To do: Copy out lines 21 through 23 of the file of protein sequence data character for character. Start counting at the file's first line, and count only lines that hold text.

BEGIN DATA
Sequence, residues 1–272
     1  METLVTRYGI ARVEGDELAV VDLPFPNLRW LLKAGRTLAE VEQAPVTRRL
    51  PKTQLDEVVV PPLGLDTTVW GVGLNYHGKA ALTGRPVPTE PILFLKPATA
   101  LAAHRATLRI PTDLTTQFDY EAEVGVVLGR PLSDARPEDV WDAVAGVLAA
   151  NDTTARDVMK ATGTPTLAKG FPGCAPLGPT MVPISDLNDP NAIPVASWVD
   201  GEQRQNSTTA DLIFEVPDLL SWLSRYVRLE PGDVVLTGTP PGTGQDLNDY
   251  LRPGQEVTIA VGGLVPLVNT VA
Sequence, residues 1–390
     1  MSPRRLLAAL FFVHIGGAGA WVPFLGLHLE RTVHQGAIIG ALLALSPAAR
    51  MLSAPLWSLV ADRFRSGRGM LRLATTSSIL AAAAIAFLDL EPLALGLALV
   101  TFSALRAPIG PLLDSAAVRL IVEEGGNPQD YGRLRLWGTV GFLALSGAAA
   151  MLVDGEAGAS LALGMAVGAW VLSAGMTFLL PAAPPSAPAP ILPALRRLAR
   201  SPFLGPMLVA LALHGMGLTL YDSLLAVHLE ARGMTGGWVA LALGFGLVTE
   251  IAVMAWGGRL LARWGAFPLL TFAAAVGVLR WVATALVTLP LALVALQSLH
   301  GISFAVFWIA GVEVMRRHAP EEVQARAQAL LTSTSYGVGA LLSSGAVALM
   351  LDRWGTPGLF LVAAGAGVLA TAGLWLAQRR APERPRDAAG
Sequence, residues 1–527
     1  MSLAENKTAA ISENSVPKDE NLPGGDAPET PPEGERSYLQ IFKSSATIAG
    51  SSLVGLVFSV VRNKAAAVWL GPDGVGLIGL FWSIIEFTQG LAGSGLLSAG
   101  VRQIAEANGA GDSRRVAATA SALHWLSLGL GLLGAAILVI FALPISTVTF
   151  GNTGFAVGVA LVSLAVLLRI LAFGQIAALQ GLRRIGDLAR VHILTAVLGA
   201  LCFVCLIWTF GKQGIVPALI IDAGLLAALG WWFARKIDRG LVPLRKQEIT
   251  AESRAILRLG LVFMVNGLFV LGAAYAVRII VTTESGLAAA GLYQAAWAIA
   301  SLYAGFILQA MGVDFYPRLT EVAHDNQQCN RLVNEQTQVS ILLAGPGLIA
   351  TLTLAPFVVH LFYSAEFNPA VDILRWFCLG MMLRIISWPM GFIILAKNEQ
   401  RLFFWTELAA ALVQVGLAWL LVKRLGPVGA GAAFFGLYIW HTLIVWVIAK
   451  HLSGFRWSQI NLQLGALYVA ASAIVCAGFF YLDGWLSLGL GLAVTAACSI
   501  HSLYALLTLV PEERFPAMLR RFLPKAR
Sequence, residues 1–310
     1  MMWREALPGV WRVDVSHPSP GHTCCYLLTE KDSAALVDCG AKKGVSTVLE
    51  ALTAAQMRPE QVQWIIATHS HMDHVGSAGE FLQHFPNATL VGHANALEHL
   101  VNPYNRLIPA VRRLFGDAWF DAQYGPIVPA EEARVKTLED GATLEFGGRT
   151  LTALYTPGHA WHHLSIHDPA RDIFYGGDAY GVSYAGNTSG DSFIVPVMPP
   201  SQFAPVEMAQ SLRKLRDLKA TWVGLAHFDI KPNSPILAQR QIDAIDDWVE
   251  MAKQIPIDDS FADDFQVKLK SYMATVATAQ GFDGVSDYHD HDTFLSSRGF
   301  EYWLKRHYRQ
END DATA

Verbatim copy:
   151  GNTGFAVGVA LVSLAVLLRI LAFGQIAALQ GLRRIGDLAR VHILTAVLGA
   201  LCFVCLIWTF GKQGIVPALI IDAGLLAALG WWFARKIDRG LVPLRKQEIT
   251  AESRAILRLG LVFMVNGLFV LGAAYAVRII VTTESGLAAA GLYQAAWAIA